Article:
Scar Treatments & Revisions at U.S. Dermatology Partners

Understanding Scar Development & How to Address These Skin Flaws

We all want healthy, beautiful skin. But scars, a natural part of the healing process, leave a lasting mark and cause some people to struggle with the negative impact on the appearance of their skin and in some cases, limitations in function or other concerns. If you’re unhappy with the appearance, texture, or health of your skin after an injury, surgery, or other damage that leads to scarring, the U.S. Dermatology Partners team can offer treatment to improve the appearance of scarring.

A scar on a woman's back.

What Are Scars?

Scars are made up of fibrous tissue that replaces skin after an injury. Scars can be caused by many different things from burns to other trauma, such as surgery. They can also be caused by acne or, in the case of keloids, caused by the excessive healing of wounds.

The skin is our body’s largest organ, and the role of the skin is to protect the body from external dangers or irritants. When the skin is damaged by a traumatic accident, injury, burns, acne, illness, or other cause, the result is the formation of new skin cells and tissues to repair the structure and restore skin to its natural purpose, protecting the body. When damage only affects the outer layer of skin, the epidermis, you may not see scar formation. When skin damage penetrates deeper, reaching the dermis tissue, scarring is likely to occur. The surface of the skin is very thin, and we’re constantly shedding these cells and replacing them with new ones, so when a cut or scrape only damages those exterior cells, the odds are good that there won’t be any permanent scarring. When damage reaches the interior dermis layer, new collagen fibers need to be created to knit the skin back together. The new skin is often a different color and texture than surrounding tissue, which is what we call scar tissue.

Are There Different Types of Scars?

Dermatologists use different names to identify scars that share a specific set of characteristics. Scars are a natural part of the healing process and can result from inflammation such as acne, infection, injury, or surgery.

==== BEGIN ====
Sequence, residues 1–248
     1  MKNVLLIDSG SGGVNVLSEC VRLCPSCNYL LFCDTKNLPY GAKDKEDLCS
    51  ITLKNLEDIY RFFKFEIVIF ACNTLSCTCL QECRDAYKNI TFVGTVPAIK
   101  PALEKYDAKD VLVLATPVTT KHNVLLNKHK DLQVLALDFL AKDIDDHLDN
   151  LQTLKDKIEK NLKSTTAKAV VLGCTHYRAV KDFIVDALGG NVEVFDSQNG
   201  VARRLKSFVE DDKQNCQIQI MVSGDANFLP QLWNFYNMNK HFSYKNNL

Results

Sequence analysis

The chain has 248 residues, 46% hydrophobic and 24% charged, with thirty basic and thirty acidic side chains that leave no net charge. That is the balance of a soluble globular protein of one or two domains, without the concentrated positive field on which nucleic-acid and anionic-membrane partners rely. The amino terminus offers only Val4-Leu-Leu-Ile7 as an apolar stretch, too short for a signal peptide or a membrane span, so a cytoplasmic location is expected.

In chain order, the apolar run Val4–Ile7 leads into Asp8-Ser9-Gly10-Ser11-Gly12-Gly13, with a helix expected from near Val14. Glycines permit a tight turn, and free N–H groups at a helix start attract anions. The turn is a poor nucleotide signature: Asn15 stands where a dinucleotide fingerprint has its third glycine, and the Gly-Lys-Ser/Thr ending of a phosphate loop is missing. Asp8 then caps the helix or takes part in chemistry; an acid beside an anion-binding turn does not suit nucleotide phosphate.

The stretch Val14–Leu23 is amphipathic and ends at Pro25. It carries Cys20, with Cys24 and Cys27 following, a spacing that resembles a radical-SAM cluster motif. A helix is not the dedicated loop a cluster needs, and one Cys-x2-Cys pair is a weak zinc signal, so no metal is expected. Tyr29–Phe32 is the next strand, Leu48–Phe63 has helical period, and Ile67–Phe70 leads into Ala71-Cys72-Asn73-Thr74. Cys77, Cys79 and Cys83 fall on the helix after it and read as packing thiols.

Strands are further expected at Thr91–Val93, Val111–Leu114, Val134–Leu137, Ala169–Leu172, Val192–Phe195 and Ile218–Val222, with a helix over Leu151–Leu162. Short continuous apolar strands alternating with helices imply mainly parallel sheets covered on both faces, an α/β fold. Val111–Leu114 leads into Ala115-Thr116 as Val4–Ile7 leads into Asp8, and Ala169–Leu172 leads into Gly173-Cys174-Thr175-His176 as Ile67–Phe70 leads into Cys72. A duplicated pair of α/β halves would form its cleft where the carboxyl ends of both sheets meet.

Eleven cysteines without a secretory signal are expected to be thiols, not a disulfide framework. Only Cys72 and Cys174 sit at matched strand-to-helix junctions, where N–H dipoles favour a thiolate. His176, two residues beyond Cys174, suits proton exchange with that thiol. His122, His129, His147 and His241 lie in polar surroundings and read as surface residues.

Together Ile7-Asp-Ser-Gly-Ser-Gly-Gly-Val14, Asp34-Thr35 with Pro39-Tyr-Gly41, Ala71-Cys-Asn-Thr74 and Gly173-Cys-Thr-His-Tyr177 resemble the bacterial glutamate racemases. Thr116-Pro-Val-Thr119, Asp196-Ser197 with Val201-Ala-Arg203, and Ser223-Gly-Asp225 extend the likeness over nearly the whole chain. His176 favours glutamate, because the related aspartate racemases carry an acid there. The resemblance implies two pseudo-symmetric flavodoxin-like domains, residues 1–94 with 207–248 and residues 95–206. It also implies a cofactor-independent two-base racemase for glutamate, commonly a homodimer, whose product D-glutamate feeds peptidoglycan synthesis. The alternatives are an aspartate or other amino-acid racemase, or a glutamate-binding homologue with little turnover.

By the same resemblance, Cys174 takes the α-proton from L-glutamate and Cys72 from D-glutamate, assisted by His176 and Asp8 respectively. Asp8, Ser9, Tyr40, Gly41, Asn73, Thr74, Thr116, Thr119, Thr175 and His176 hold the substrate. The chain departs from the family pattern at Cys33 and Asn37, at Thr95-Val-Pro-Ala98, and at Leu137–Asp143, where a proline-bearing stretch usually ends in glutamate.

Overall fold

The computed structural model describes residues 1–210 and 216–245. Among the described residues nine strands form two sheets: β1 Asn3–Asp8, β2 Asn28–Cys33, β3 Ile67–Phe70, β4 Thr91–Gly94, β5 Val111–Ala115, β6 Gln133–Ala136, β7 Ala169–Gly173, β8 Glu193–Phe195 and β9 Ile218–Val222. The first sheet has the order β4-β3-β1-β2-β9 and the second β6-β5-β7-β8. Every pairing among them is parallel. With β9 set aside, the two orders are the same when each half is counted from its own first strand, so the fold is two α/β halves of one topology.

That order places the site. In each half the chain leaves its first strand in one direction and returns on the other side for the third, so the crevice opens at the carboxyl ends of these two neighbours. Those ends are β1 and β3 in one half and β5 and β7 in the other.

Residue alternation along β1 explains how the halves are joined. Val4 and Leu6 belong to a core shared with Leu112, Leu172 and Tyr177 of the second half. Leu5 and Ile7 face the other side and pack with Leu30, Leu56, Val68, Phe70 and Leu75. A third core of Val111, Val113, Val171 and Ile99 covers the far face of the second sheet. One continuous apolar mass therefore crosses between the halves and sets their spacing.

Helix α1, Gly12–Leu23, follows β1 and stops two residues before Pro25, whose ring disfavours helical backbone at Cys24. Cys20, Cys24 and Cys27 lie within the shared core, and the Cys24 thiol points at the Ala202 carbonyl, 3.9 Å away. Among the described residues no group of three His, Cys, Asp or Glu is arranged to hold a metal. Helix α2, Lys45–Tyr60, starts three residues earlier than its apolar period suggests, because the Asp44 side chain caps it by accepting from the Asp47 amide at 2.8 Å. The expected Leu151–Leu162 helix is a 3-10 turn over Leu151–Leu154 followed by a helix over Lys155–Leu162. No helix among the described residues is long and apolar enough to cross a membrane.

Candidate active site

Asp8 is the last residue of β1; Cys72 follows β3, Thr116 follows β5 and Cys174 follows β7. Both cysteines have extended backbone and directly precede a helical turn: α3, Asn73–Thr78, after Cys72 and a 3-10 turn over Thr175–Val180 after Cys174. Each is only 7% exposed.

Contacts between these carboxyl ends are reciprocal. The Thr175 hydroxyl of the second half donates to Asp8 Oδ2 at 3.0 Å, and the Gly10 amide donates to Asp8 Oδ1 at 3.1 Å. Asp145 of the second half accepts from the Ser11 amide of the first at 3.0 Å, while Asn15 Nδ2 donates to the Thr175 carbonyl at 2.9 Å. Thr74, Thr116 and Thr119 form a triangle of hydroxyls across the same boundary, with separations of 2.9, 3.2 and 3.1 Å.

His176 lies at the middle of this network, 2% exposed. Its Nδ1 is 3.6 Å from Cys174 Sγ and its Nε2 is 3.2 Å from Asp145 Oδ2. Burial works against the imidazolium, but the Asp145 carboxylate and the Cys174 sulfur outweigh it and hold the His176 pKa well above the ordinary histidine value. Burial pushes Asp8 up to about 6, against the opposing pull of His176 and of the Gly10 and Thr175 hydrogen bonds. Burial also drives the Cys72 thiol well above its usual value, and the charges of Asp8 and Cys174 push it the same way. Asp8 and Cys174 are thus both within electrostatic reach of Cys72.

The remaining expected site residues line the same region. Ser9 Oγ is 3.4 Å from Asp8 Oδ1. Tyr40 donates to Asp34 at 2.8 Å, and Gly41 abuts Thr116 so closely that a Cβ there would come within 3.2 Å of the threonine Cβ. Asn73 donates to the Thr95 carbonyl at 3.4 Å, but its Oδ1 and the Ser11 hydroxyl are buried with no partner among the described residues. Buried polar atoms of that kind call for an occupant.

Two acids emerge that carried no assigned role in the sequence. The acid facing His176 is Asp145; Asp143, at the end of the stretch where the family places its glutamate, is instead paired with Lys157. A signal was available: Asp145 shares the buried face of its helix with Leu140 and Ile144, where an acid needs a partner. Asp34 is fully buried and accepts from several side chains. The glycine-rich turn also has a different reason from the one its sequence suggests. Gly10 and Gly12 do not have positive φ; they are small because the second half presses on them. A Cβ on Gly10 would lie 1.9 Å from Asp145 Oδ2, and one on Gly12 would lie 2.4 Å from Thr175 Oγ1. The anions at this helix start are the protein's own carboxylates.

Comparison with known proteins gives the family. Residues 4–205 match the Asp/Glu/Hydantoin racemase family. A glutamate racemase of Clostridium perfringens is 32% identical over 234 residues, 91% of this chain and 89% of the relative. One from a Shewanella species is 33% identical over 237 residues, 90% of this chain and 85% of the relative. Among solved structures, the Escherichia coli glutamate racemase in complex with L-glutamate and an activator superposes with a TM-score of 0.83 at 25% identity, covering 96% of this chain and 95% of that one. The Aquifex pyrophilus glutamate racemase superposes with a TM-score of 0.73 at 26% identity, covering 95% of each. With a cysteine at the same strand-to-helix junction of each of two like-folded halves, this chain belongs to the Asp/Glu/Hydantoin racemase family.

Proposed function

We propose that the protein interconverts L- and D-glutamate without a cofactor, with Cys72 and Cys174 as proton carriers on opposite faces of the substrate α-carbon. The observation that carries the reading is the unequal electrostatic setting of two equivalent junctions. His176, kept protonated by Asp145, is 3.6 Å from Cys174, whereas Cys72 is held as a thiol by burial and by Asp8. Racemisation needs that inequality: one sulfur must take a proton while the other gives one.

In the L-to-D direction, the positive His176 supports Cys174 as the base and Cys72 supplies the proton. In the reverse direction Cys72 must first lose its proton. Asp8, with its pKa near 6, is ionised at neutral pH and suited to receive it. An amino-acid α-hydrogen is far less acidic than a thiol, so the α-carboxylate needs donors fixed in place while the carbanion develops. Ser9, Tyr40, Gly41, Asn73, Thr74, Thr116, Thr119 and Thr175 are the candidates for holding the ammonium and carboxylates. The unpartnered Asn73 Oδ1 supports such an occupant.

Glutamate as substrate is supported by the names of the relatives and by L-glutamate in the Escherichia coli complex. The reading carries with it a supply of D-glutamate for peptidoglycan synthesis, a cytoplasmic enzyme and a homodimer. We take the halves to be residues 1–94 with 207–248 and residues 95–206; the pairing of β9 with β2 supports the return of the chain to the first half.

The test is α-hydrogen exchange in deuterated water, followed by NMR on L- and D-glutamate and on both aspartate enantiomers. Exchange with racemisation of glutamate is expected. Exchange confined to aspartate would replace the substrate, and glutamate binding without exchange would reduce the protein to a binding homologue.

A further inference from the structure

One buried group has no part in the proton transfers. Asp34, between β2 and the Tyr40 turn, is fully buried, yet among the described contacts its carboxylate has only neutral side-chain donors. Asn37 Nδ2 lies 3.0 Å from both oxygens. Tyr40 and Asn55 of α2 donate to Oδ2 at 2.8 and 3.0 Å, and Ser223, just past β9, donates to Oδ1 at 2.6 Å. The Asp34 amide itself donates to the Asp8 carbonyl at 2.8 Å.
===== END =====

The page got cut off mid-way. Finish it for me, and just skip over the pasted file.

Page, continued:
Some common types of scars include:

Hypertrophic Scars

Hypertrophic scars are the most common type of scar. These scars are raised above the natural surface of the skin directly over the wound site. Tissue develops over the course of weeks after the initial injury and will remain within the borders of the wound. Hypertrophic scars may appear red and raised next to healthy skin and will sometimes fade naturally. Though this type of scar tissue is often red in color, coloring can actually be darker or lighter than the natural skin tone.

Contracture Scars

Contracture scars are formed after the skin is burned. Unlike other types of scar tissue that is just the body’s attempt to repair and replace damaged skin, contracture scar tissue is often much tighter and less movable than surrounding tissue. It can even impact muscle and nerve function, limiting your range of motion.

Keloid Scars

Keloid scars may appear as irregular clusters of tissue that form a thick, rounded lesion. A keloid scar extends beyond the original boundaries of the wound, can develop as long as 12 months after the initial injury, and may be darker than surrounding skin. These scars are caused by an overactive healing response that creates scar tissue that extends far beyond the original wound. Common among people of color, this type of scar development may be prevented in some cases with the proper use of compression garments, especially in higher-risk patients.

Atrophic Scars

Atrophic scars are well-defined depressions in the skin and are the result of a disruption in the formation of collagen after a skin injury. This scar tissue causes pits or indentations in the surface of the skin and is commonly caused by acne, cystic acne, or chickenpox. Not everyone with acne develops scars, and there are preventive measures you can take to limit scarring from acne, including following your dermatologist’s skincare recommendations and avoiding picking or popping pimples. Cystic acne and other types of acne that form cysts and pustules deep within the skin’s layers are much more likely to cause scarring.

Stretch Mark Scars

Stretch marks appear due to the rapid production of new skin cells. Common among pregnant women, those who gain weight quickly, and those who experience a rapid growth spurt. Stretch marks also develop if a skin injury occurs at a joint.

Who Would Need Scar Treatment or Revision?

Scar treatments and revisions are used to address specific side effects of scarring. Specifically, scar treatments may be used to improve the cosmetic aspects of scarring, including:

  • Erythema (redness)
  • Hypopigmentation (lighter skin)
  • Hyperpigmentation (darker skin)

Scar treatment or revision may also address changes in the way skin feels, including:

  • Textural changes
  • Atrophy (sunken skin)
  • Hypertrophy (thickness)

Finally, your dermatologist may recommend treatment or revision for scars that cause functional concerns or discomfort. Contractile healing after burns can result in skin tightening and impaired function. When this occurs, we may need to provide intervention to improve functionality and avoid long term issues. Some scar tissue can cause dysesthesia, which is a condition caused by nerve damage that leads to symptoms like pain, itching, and numbness. In some cases, we can address the nerve damage and improve associated symptoms.

What Scar Treatments are Available?